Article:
The Petitioners filed to adopt the minor child ("Child") and the Department of Children's Services ("DHS") then filed a Waiver of Guardianship that gave the department's approval of the adoption. Partial guardianship was given to the Petitioners before the trial. The Appellants here filed a Petition to Intervene, which was granted, allowing them to be added as parties. However, the actual Petition was dismissed at the trial and the adoption was finalized. An appeal followed.
The Mother executed a voluntary surrender and a home study was done on Petitioners. The foster parents filed the Motion to Intervene. After hearing evidence, the trial court ruled that the proof for the intervening petition was not sufficient and entered a dismissal on the intervention. The Appellants then appealed, arguing that the trial court refused to do a comparative fitness analysis between the two families, which was in error.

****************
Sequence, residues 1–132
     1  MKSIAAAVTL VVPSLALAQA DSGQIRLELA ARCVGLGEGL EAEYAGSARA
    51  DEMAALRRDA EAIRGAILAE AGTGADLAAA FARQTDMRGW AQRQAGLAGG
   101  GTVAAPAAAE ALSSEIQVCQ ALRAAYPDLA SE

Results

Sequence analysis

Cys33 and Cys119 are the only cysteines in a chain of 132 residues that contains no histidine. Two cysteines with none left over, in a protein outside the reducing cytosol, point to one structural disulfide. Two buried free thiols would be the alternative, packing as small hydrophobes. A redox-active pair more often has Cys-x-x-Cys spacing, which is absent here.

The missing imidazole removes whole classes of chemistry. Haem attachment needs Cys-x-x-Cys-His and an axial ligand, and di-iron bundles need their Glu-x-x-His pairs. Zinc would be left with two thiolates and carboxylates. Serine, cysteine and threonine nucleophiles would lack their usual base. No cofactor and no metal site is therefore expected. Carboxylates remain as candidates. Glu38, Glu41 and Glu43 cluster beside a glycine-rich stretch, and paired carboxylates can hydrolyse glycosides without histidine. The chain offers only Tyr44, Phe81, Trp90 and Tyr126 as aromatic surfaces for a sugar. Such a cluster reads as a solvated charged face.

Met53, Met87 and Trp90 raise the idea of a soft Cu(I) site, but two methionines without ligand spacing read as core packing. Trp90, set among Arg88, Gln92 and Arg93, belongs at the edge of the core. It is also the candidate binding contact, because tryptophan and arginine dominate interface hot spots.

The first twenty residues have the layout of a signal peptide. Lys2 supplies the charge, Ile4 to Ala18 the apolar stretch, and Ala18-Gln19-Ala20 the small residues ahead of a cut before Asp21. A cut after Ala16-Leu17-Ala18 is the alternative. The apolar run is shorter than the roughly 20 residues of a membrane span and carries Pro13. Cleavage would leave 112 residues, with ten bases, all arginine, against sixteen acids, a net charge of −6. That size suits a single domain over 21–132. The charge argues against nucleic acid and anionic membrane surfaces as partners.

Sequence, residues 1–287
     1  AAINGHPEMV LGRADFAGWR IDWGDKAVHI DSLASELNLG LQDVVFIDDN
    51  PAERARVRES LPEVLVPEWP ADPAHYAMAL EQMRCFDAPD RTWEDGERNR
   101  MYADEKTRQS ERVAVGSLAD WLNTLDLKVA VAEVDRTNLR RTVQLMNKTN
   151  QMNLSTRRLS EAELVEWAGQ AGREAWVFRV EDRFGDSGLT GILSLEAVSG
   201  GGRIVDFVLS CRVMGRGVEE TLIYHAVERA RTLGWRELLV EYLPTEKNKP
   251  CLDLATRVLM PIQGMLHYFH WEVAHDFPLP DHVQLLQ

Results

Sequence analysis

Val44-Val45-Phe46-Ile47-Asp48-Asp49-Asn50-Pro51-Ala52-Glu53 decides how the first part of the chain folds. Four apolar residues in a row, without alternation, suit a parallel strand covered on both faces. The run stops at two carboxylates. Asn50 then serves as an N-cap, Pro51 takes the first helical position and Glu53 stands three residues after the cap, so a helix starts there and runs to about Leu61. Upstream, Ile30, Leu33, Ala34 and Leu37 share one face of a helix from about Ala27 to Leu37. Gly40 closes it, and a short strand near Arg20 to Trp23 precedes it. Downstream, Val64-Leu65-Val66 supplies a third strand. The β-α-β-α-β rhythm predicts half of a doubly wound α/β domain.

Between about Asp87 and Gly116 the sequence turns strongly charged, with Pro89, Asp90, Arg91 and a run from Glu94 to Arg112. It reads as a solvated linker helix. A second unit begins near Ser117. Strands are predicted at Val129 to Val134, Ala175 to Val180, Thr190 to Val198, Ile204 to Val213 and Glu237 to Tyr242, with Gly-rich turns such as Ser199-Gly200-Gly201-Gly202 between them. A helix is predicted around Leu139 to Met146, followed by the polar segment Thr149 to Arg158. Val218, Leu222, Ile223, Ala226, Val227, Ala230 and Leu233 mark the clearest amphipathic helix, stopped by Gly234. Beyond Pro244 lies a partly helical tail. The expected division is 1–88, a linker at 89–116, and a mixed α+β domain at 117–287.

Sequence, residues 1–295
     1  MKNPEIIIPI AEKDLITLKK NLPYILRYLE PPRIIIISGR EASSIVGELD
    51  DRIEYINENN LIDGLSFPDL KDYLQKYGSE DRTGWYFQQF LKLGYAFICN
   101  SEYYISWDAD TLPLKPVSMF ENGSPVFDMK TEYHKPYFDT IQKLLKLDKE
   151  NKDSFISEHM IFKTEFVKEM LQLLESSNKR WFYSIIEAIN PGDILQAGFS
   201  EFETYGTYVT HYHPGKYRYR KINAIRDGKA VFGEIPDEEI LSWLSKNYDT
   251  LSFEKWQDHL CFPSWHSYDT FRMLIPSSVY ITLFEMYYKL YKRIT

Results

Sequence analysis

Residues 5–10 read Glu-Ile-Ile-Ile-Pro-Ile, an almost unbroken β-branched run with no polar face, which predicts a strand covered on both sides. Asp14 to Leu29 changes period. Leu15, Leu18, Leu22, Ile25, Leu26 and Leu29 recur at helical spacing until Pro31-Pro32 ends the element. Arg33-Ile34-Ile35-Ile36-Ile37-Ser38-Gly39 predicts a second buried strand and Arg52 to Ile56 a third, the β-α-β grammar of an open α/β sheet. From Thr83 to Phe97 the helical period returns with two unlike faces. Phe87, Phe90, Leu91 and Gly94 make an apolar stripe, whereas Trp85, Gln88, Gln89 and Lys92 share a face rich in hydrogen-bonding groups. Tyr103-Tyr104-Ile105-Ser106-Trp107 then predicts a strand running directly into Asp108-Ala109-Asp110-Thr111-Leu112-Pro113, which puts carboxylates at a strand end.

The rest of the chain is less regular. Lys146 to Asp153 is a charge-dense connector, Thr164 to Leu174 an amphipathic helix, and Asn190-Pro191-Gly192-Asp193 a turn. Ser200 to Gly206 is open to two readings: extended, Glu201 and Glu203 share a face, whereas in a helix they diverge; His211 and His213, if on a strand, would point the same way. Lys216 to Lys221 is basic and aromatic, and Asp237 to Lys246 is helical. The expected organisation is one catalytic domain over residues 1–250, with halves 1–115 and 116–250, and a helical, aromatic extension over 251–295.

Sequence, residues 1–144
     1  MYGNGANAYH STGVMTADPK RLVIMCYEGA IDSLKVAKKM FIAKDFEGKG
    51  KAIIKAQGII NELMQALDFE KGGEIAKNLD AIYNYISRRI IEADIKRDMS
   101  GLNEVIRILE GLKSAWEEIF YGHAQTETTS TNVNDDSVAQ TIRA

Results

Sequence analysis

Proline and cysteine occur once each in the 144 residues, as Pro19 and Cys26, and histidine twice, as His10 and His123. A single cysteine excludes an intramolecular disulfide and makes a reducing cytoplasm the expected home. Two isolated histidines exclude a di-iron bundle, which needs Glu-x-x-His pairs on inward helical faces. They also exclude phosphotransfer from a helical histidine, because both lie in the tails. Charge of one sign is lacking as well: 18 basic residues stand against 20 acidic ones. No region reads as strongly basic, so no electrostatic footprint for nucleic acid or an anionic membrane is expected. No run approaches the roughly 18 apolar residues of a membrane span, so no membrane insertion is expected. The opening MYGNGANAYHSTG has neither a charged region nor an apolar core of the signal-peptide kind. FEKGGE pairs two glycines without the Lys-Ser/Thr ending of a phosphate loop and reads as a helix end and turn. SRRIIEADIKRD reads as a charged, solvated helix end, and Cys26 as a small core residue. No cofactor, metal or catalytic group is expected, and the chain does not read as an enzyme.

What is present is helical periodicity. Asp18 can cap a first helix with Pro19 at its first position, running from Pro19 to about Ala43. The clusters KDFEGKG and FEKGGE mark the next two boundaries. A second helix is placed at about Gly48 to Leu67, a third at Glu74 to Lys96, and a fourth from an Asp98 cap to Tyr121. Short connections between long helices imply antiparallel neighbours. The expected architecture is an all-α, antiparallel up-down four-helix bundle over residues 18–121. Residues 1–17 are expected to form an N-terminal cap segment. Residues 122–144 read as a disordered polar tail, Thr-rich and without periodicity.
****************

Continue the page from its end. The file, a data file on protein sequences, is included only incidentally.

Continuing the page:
The Tennessee Supreme Court has previously ruled that when a court faced two competing adoption petitions, a comparative fitness analysis was to be used. The Appeals Court had also held that when DCS was given guardianship over a child, T.C.A. §36-1-102 and 113 allows DCS to place the child for adoption and to consent to the same. Here, the foster parents tried to intervene in the Petitioner's adoption, but the foster parents did not attempt to terminate the guardianship of DCS or the Petitioners. Therefore, the trial court here was correct in dismissing the intervening petition because the evidence did not support a finding sufficient to justify termination of the guardianships.
Therefore, if a parent surrenders their rights to a child to the adoptive parents and if the court gave partial guardianship to the adoptive parents, then the former foster parents are not entitled to a comparative fitness analysis.